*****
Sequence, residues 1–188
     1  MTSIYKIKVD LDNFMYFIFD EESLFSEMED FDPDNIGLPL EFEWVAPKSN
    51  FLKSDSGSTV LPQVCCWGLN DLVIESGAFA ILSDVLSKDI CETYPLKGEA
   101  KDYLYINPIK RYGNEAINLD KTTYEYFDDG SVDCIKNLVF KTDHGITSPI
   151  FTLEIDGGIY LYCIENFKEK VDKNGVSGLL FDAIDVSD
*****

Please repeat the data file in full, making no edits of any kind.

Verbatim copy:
Sequence, residues 1–188
     1  MTSIYKIKVD LDNFMYFIFD EESLFSEMED FDPDNIGLPL EFEWVAPKSN
    51  FLKSDSGSTV LPQVCCWGLN DLVIESGAFA ILSDVLSKDI CETYPLKGEA
   101  KDYLYINPIK RYGNEAINLD KTTYEYFDDG SVDCIKNLVF KTDHGITSPI
   151  FTLEIDGGIY LYCIENFKEK VDKNGVSGLL FDAIDVSD